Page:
Finalists of the 2015 SARE/NACAA Search for Excellence in Sustainable Agriculture program are:
North Central Region
Todd Weinmann, Extension Horticulturist, North Dakota State University Extension
Demand for locally produced food is increasing and producers that are able to grow fruits and vegetables in the off-season have the ability to demand higher prices, and at times, offer more variety. To meet this off-season demand, farmers can use high tunnels and other season extension techniques. Todd Weinmann hosted a high tunnel workshop–partially funded by SARE–in Casselton, ND, targeted at growers in high tunnel produce production. Invited speakers educated the growers in basic high tunnel production, profit growth, crop selection for high tunnels, hidden costs and environmental setups, irrigation and fertigation, pick-your-own, raised beds and children, horticulture trials, the implications of climate change and the NRCS EQIP program.
Over one hundred growers attended from Minnesota, Wisconsin, and North Dakota, 73 percent of which, indicated a new insight and inspiration to action. Additionally, 50 percent indicated that they would increase their business profitability by at least $500 from attending this workshop. One hundred percent of the attendees indicated learning something new about high tunnels and 69 percent said that they would apply for the NRCS EQIP Program if they qualified.
A follow-up survey at six months was administered and 86 growers responded. Sixty three percent of respondents had incorporated something that they learned during the workshop into their business or operation that they would not have done had they not attended. And 94 percent indicated that they would recommend this workshop to others.
The Rutgers Cooperative Extension Agritourism Working Group came together four years ago with the goal of conducting research, developing curriculum and providing outreach for producers involved in on-farm direct marketing and agritourism. The leadership team received three USDA grants (two SARE grants and one Specialty Crop Block grant), totaling $195,221 to develop educational materials, conduct farmer and service provider training, and to implement on-farm analysis for visitor safety and risk management. Materials developed with funding from one of the SARE grants are hosted on the project website and include training modules, videos, webinars, fact sheets and an online budget calculator. The site received over 3,400 visitors in 2014 and project materials have been used at educational events in three other states (Maine, Vermont and Delaware). The programming reached 874 participants via webinars, in-class lectures and workshops with these materials.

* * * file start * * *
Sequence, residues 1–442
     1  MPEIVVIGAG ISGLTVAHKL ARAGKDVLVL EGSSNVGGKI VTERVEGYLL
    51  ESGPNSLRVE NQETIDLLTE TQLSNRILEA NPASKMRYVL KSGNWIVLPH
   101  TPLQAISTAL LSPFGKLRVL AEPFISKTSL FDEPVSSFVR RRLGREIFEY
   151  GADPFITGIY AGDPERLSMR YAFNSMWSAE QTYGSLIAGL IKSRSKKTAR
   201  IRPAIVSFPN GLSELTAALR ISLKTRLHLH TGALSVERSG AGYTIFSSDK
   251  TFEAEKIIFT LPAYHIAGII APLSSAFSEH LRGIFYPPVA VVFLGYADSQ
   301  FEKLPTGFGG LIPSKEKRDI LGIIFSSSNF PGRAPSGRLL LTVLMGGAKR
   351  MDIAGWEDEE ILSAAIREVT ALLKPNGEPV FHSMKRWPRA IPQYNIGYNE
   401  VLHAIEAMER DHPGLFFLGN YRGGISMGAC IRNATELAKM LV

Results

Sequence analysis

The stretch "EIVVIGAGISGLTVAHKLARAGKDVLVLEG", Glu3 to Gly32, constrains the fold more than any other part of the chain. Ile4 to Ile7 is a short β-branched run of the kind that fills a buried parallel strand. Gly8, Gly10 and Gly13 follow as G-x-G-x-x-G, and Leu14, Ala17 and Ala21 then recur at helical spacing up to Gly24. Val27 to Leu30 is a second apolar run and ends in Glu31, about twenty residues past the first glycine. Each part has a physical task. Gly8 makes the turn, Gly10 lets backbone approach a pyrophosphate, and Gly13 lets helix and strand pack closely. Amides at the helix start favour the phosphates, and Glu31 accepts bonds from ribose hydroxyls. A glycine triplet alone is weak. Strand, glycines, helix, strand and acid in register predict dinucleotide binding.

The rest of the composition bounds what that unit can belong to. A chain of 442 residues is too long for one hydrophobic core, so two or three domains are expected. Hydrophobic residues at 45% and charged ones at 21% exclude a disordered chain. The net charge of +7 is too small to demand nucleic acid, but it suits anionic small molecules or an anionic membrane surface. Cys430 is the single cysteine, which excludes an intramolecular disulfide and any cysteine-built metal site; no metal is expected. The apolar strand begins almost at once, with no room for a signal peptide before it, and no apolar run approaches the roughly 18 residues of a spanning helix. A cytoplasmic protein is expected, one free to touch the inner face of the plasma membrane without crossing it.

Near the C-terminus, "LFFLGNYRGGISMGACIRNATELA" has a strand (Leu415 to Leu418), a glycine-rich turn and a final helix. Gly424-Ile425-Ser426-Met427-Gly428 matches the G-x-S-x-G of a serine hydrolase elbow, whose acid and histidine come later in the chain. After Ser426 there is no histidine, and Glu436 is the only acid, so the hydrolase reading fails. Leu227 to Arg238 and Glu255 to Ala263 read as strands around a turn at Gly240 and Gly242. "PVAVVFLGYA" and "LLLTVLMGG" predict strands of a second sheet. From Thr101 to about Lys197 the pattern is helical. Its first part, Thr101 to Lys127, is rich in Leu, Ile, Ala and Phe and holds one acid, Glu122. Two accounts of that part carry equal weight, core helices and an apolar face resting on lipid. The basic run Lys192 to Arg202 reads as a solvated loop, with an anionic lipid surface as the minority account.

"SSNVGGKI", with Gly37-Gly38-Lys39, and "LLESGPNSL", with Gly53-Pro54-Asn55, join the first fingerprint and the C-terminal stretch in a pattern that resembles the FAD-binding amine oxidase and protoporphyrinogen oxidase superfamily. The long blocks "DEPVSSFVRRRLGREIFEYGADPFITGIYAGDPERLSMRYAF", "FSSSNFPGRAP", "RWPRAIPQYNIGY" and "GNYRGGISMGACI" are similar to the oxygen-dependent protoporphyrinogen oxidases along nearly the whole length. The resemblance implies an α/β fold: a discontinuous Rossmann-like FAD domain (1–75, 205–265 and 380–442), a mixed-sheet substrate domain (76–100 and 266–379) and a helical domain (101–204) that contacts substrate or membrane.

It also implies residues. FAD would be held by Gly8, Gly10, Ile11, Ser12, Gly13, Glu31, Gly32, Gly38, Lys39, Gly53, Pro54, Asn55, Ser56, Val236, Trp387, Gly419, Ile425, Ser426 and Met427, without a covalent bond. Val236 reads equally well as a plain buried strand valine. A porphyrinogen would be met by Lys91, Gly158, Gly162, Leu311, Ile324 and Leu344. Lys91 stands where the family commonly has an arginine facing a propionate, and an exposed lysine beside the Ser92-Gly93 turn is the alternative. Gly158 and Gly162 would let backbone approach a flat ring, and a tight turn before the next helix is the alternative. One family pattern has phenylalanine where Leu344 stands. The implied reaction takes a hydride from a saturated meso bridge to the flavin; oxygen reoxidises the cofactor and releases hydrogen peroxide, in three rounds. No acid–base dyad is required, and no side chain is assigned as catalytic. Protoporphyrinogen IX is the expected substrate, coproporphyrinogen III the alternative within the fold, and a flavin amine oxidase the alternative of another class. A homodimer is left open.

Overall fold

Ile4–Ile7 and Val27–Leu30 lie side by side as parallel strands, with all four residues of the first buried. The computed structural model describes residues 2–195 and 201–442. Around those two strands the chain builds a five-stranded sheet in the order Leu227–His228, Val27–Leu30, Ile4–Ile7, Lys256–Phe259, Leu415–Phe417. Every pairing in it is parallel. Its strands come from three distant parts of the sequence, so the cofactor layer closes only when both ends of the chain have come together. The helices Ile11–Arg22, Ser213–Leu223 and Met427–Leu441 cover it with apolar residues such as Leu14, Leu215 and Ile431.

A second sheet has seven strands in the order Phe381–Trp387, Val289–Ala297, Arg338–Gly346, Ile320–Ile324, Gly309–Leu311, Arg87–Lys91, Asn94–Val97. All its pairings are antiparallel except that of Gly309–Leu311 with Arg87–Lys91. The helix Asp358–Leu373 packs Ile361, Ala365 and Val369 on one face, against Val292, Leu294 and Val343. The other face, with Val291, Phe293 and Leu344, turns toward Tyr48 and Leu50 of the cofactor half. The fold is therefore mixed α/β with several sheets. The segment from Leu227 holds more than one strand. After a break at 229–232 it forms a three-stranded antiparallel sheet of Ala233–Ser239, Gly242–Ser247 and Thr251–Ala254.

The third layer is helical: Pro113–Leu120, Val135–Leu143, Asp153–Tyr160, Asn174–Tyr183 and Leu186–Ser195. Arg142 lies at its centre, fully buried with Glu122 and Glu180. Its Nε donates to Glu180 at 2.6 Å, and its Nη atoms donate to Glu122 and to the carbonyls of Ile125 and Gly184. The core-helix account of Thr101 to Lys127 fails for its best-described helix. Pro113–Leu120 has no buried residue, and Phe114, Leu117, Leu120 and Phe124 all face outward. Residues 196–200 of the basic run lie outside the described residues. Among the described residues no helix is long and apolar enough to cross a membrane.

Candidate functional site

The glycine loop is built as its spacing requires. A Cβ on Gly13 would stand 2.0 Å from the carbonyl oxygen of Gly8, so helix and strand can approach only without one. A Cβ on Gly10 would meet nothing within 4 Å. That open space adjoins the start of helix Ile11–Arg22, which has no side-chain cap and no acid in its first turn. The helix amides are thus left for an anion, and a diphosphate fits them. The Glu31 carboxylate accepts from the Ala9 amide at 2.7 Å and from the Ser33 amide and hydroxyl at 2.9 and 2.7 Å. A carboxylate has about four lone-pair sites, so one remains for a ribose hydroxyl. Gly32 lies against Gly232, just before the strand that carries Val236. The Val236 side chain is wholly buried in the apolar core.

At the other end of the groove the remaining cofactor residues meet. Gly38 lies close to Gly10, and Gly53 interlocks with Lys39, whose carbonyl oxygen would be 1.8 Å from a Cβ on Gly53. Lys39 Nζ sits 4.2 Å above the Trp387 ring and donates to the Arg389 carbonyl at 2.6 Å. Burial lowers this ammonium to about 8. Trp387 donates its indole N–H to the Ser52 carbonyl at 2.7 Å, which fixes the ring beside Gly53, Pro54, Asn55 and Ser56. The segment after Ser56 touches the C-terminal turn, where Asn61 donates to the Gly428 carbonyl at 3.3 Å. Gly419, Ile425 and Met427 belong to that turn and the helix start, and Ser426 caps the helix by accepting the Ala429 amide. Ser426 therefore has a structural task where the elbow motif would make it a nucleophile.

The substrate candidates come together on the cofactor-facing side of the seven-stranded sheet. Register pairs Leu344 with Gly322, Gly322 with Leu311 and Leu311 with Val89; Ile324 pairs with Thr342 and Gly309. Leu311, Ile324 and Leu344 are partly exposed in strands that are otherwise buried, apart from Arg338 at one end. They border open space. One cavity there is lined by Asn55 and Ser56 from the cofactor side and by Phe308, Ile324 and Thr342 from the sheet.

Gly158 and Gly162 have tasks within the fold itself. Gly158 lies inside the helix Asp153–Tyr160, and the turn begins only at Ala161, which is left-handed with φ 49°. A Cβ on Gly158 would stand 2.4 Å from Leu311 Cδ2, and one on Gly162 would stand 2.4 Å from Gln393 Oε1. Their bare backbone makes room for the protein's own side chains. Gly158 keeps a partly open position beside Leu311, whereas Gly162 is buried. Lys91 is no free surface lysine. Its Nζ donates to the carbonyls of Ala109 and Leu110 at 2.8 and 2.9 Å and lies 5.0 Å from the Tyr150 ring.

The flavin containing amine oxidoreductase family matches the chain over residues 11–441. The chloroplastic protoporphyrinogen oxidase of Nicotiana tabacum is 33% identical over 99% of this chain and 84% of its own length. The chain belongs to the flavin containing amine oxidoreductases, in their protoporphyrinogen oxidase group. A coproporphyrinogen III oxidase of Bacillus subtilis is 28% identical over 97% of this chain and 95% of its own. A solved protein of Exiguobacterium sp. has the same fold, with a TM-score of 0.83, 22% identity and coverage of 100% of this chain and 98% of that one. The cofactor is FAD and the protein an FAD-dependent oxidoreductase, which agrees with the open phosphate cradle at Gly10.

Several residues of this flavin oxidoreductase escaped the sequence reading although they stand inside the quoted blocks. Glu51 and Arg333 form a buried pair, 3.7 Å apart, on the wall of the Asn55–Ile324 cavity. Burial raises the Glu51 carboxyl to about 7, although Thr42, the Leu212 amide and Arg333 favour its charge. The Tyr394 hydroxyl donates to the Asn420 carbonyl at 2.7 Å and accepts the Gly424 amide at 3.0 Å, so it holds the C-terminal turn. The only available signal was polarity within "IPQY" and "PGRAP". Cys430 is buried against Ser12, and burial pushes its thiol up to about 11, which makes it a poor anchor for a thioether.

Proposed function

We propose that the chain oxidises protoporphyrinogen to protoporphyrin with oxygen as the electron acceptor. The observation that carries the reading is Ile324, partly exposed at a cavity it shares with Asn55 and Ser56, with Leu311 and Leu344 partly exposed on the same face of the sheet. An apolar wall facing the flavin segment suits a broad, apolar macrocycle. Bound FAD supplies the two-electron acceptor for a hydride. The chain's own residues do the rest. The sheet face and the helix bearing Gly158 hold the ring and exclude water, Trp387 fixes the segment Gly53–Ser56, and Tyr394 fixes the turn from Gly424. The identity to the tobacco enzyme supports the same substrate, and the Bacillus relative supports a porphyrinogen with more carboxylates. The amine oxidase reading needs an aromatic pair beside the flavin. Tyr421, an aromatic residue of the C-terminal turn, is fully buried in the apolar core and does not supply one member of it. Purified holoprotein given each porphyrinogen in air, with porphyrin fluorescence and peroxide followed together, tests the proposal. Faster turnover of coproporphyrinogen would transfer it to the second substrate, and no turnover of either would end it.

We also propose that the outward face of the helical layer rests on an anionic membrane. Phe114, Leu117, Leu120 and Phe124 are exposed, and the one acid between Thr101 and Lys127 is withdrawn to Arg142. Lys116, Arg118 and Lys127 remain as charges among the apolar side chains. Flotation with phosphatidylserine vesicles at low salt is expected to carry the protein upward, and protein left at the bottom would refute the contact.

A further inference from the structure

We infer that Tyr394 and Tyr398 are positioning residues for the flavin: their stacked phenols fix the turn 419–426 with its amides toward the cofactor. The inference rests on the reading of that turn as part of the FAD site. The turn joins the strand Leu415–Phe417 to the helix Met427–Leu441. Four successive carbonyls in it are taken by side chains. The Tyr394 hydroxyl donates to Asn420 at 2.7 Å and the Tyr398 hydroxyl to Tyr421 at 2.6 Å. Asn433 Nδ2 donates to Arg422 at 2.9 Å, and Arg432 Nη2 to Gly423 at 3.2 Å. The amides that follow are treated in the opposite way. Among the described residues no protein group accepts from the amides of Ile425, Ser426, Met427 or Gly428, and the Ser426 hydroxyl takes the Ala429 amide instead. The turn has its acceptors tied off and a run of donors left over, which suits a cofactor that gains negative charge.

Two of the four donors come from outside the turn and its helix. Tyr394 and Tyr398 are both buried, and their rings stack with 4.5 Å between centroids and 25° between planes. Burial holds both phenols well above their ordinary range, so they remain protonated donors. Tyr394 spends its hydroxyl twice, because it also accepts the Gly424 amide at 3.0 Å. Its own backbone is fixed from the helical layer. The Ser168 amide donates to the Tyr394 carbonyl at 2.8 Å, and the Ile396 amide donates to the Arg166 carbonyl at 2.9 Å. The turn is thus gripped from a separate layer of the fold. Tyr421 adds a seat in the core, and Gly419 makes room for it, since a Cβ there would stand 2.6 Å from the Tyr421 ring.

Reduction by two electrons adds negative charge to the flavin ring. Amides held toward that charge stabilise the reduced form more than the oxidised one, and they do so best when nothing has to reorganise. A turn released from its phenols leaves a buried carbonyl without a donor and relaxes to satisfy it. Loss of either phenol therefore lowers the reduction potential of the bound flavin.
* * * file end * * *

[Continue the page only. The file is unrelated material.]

A sustainable farming website was developed through the SARE State Professional Development Program funding and is regularly updated. The website had almost 23,000 visits in 2014. Additionally, a New Jersey tourism website for agriculture was created and had 41,505 pageviews from September to December 2014. Lastly, a comprehensive report was sent to 4,100 stakeholders, administrators and legislators to highlight sustainable agriculture programming.
Mark H. Hall, Extension Specialist, Alabama Cooperative Extension
With crop production costs at record highs, producers must get the most out of every bag of seed, every jug of crop protection product and every tank of fuel. To get the highest return on investment, farmers can adopt precision agriculture technology. Mark Hall and Precision Agriculture Specialist John Fulton assembled a curriculum to teach farmers how to incorporate precision agriculture into their farming operations. The classes were conducted online and included video presentations and tests on yield monitoring and mapping, site specific management, soil fertility, GPS/GNSS, Variable Rate Technology, and Automatic Section Control Technology. The course can be accessed through the Alabama Precision Agriculture homepage.
Over six thousand students from around the globe have already participated. After completing the course, students estimate they will save an average of 3.4 gallons per acre and reduce fertilizer and crop protection chemical usage by 13.57 percent.